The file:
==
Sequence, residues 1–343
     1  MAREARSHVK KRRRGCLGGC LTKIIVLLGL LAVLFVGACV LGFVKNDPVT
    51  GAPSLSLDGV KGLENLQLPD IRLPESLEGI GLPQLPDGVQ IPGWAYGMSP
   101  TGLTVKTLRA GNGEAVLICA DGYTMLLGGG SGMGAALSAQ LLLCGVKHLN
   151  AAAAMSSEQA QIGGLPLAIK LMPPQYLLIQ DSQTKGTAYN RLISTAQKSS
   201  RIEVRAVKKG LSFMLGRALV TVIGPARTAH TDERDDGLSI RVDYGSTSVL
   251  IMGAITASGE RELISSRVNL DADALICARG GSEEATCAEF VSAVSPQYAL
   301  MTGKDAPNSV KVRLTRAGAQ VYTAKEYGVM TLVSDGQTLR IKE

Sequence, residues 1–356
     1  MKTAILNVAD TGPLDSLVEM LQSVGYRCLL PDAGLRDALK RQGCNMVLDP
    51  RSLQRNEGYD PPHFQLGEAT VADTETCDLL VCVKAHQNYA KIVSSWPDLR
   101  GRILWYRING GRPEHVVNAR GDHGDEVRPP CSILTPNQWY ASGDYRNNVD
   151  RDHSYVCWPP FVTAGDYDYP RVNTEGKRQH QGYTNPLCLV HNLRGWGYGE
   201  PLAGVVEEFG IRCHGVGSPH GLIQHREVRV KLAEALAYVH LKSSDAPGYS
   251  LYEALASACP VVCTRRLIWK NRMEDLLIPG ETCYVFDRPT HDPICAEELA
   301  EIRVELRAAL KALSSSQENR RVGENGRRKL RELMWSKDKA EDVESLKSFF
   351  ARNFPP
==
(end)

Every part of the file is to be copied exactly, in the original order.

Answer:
Sequence, residues 1–343
     1  MAREARSHVK KRRRGCLGGC LTKIIVLLGL LAVLFVGACV LGFVKNDPVT
    51  GAPSLSLDGV KGLENLQLPD IRLPESLEGI GLPQLPDGVQ IPGWAYGMSP
   101  TGLTVKTLRA GNGEAVLICA DGYTMLLGGG SGMGAALSAQ LLLCGVKHLN
   151  AAAAMSSEQA QIGGLPLAIK LMPPQYLLIQ DSQTKGTAYN RLISTAQKSS
   201  RIEVRAVKKG LSFMLGRALV TVIGPARTAH TDERDDGLSI RVDYGSTSVL
   251  IMGAITASGE RELISSRVNL DADALICARG GSEEATCAEF VSAVSPQYAL
   301  MTGKDAPNSV KVRLTRAGAQ VYTAKEYGVM TLVSDGQTLR IKE

Sequence, residues 1–356
     1  MKTAILNVAD TGPLDSLVEM LQSVGYRCLL PDAGLRDALK RQGCNMVLDP
    51  RSLQRNEGYD PPHFQLGEAT VADTETCDLL VCVKAHQNYA KIVSSWPDLR
   101  GRILWYRING GRPEHVVNAR GDHGDEVRPP CSILTPNQWY ASGDYRNNVD
   151  RDHSYVCWPP FVTAGDYDYP RVNTEGKRQH QGYTNPLCLV HNLRGWGYGE
   201  PLAGVVEEFG IRCHGVGSPH GLIQHREVRV KLAEALAYVH LKSSDAPGYS
   251  LYEALASACP VVCTRRLIWK NRMEDLLIPG ETCYVFDRPT HDPICAEELA
   301  EIRVELRAAL KALSSSQENR RVGENGRRKL RELMWSKDKA EDVESLKSFF
   351  ARNFPP